SleepyHead gives you a lot more detail than MyAir if that is what you are currently using. Here is an example of the Daily Detail screenshot. There is a bar at the top that flags all of the events over the night. Below you can see what your pressures were along with other data. This lets you correlate the time of the event to the pressure it occurred at. It also lets you see how well the machine is responding to the events.

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Sierra +0 points · almost 4 years ago Sleep Patron

This link may be helpful to you. The way I read it is that the key is whether or not you have excessive sleepiness. I did not read all of this document, just the section 1.2.1.

Detailed DVLA Guidance for UK Drivers with Sleep Apnoea

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Biguglygremlin +0 points · almost 4 years ago Sleep Enthusiast

Presuming the system is similar to here it's likely that once you are on their radar they will take some time to gather relevant medical information and interview you and possibly put you through some kind of driving test before deciding what they want to do.

They might try to find a middle ground (drive only within a certain distance of your house and only during daylight and not in rush hour etc.) or simply cancel your license

This is only guesswork on my part. I have no personal experience in this area.

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Sierra +0 points · almost 4 years ago Sleep Patron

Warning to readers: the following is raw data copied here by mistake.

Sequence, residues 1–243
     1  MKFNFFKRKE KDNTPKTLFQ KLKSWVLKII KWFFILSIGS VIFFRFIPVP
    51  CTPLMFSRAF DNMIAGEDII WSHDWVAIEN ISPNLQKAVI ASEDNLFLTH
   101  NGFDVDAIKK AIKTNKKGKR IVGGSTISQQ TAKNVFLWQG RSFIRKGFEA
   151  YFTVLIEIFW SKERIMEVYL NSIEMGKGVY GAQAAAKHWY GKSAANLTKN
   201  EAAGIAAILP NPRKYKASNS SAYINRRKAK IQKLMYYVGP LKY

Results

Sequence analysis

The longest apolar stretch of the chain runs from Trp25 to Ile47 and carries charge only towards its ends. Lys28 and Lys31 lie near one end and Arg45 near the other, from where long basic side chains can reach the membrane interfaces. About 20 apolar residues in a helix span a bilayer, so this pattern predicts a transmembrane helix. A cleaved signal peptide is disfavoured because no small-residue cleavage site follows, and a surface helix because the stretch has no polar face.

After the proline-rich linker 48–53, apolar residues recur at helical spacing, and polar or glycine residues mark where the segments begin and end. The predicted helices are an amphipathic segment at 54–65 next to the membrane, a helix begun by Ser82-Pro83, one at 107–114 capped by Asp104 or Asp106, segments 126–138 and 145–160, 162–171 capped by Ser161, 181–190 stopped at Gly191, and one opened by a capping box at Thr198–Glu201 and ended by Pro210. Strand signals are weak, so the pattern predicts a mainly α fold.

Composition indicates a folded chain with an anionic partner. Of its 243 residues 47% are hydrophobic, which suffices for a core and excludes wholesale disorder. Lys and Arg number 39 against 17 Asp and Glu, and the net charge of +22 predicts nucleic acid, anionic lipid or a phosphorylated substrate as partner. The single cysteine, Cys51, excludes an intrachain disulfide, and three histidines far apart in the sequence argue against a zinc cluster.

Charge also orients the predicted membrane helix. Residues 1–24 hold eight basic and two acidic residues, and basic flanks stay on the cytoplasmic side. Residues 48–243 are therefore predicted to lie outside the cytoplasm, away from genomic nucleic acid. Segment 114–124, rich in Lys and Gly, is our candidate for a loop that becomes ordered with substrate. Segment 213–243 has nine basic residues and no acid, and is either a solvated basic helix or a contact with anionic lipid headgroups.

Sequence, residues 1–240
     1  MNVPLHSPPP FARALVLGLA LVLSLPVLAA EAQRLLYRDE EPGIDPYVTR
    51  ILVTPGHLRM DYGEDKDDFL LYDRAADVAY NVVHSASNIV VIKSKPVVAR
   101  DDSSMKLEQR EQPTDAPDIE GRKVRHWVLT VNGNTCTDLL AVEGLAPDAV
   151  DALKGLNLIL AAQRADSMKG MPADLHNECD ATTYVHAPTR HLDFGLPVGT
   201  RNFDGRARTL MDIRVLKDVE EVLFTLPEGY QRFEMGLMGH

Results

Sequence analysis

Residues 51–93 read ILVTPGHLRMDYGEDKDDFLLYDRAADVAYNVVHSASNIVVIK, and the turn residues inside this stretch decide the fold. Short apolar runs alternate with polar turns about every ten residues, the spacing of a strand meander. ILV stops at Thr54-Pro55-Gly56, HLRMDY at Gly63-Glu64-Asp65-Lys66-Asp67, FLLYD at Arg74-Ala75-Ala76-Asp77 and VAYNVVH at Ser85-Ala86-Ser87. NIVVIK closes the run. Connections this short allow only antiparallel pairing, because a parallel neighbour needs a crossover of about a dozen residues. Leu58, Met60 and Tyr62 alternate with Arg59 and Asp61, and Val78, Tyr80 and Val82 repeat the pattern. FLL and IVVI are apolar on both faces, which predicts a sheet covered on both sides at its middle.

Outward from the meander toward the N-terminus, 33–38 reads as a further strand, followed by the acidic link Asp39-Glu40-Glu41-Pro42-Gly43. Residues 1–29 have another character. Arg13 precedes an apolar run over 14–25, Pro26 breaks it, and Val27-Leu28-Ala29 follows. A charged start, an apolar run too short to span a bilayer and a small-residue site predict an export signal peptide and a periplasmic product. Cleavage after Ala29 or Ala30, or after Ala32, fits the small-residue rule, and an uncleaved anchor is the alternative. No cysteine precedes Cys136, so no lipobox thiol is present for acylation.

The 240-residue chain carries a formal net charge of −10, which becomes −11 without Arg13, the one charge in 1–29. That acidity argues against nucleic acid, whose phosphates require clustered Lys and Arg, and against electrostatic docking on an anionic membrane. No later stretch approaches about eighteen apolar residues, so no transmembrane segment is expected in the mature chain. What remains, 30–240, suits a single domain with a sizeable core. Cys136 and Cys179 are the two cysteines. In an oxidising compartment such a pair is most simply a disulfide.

Here is a tool to determine your degree of Sleepiness. It is a standard in North America. Not so sure in the UK...

Epworth Sleepiness Scale

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Biguglygremlin +0 points · almost 4 years ago Sleep Enthusiast

Once you are on their radar they are likely to have ongoing supervision processes and require proof of compliance of some kind.

In your shoes I would get the machine working well then ask my local doctor if he/she feels that I should report to the DVLA. Most local doctors are sympathetic and it would shift the decision out of my hands. I would be acting on medical advice by not invoking this process. :)

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Biguglygremlin +0 points · almost 4 years ago Sleep Enthusiast

Yes the Epworth Sleepiness Scale is used in Australia too and carries some weight, which is alarming because I don't know of anybody who wouldn't score in the red if you got them to fill it out on the wrong day. :O

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Biguglygremlin +0 points · almost 4 years ago Sleep Enthusiast

It's time they had a new test (with a more respectable name) that has more complex scoring systems and built in cross checking potential.

The Epworth Sleepiness Scale is too simple and too dependent on perspective. I just did it twice, being rather positive and then rather negative but both times I was trying to be essentially honest.

I scored 5 and 12

Of course I live in a world of chaos and have a poor memory but even for normal people perspective is everything.